Skip to main content
ARS Home » Pacific West Area » Davis, California » Crops Pathology and Genetics Research » Research » Publications at this Location » Publication #345065

Research Project: Sustainable Vineyard Production Systems

Location: Crops Pathology and Genetics Research

Title: In-vivo quantification of plant starch reserves at micrometer resolution using X-ray microCT imaging and machine learning

Author
item EARLES, J - Yale University
item KNIPFER, THORSTEN - University Of California
item TIXIER, AUDE - University Of California
item OROZCO, JESSICA - University Of California
item REYES, CLARISSA - University Of California
item ZWIENIECKI, MACIEJ - University Of California
item BRODERSEN, CRAIG - Yale University
item McElrone, Andrew

Submitted to: New Phytologist
Publication Type: Peer Reviewed Journal
Publication Acceptance Date: 1/22/2018
Publication Date: 4/16/2018
Citation: Earles, J.M., Knipfer, T., Tixier, A., Orozco, J., Reyes, C., Zwieniecki, M.A., Brodersen, C., McElrone, A.J. 2018. In-vivo quantification of plant starch reserves at micrometer resolution using X-ray microCT imaging and machine learning. New Phytologist. 218(3):1260-1269. https://doi.org/10.1111/nph.15068.
DOI: https://doi.org/10.1111/nph.15068

Interpretive Summary: Starch is the primary energy storage molecule used by most terrestrial plants to fuel respiration and growth during periods of limited to no photosynthesis, and its depletion can drive plant mortality. Destructive techniques at coarse spatial scales exist to quantify starch, but these techniques face methodological challenges that can lead to uncertainty about the lability of tissue-specific starch pools and their role in plant survival. Here, we demonstrate how X-ray microcomputed tomography (microCT) and a machine learning algorithm can be coupled to quantify plant starch content in vivo, repeatedly and nondestructively over time in grapevine stems (Vitis spp.). Starch content estimated for xylem axial and ray parenchyma cells from microCT images was correlated strongly with enzymatically measured bulk-tissue starch concentration on the same stems. After validating our machine learning algorithm, we then characterized the spatial distribution of starch concentration in living stems at micrometer resolution, and identified starch depletion in live plants under experimental conditions designed to halt photosynthesis and starch production, initiating the drawdown of stored starch pools. Using X-ray microCT technology for in vivo starch monitoring should enable novel research directed at resolving the spatial and temporal patterns of starch accumulation and depletion in woody plant species.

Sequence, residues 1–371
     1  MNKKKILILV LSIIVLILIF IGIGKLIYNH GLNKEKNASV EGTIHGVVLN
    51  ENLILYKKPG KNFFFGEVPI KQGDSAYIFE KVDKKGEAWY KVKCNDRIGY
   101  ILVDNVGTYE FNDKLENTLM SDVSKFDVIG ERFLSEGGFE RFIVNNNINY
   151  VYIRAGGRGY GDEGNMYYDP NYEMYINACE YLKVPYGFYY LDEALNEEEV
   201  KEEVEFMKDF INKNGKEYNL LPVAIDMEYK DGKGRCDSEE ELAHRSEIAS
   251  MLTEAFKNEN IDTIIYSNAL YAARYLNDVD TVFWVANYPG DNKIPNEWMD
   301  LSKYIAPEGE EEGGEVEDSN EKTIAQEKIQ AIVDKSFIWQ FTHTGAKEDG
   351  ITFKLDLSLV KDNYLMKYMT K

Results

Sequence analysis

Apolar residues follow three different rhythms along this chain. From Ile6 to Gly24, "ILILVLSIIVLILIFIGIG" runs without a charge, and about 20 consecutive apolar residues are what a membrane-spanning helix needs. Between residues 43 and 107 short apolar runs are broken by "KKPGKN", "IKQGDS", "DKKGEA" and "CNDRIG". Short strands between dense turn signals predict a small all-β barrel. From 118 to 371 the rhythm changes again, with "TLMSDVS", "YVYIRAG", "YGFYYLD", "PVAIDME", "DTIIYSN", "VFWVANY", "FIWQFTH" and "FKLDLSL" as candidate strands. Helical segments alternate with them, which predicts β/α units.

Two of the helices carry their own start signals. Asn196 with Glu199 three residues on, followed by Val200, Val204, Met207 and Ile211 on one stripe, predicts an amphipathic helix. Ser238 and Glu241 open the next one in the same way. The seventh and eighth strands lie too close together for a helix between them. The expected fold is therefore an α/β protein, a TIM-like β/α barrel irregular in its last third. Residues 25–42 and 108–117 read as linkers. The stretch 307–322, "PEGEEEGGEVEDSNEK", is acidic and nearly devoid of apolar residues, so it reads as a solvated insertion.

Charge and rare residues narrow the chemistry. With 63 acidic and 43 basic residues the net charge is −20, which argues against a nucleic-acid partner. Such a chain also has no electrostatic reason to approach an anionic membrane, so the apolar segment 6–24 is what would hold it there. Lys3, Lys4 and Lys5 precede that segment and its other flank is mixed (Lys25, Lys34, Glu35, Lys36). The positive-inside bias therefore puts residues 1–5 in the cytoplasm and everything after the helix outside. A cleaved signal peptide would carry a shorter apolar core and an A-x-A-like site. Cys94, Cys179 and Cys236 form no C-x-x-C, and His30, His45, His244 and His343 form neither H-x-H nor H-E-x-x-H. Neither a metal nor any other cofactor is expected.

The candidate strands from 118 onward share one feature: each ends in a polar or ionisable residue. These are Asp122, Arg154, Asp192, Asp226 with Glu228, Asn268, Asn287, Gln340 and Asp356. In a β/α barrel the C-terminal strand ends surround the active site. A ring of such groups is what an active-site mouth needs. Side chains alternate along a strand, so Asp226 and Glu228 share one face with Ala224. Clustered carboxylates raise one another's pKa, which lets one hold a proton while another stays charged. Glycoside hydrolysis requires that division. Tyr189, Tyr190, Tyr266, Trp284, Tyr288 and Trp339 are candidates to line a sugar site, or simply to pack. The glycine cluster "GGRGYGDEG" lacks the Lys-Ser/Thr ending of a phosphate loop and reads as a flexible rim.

Technical Abstract: Starch is the central energy storage molecule used by plants to fuel respiration and growth during periods of limited or no photosynthesis. Recently, the relative starch concentration of plants entering drought was linked to mortality probability, as the relative pools of starch and other non-structural carbohydrates (NSCs) are necessary for maintaining cellular functions, producing chemical defense compounds to prevent biotic attack, and growing new foliage. However, only destructive techniques at coarse spatial scales exist to quantify starch and NSCs, which face methodological challenges that can lead to uncertainty about the lability of tissue-specific starch pools and their role in plant survival. Here, we use X-ray microcomputed tomography and a machine learning algorithm for in vivo quantification of plant starch content. Starch estimates correlated strongly (R2 = 0.95; p << 0.01) with enzymatically-measured bulk-tissue starch concentration on the same stems. We then spatially mapped regions of high and low starch concentration in stems at micrometer resolution for the first time. Further, we detected regions of starch depletion within living stem tissue in plants that were withheld from light for thirty days to deplete these reserves showing unidirectional use of the starch reserves along radial coordinates. Such high spatial-resolution in vivo starch monitoring should enable novel research directions across the plant sciences.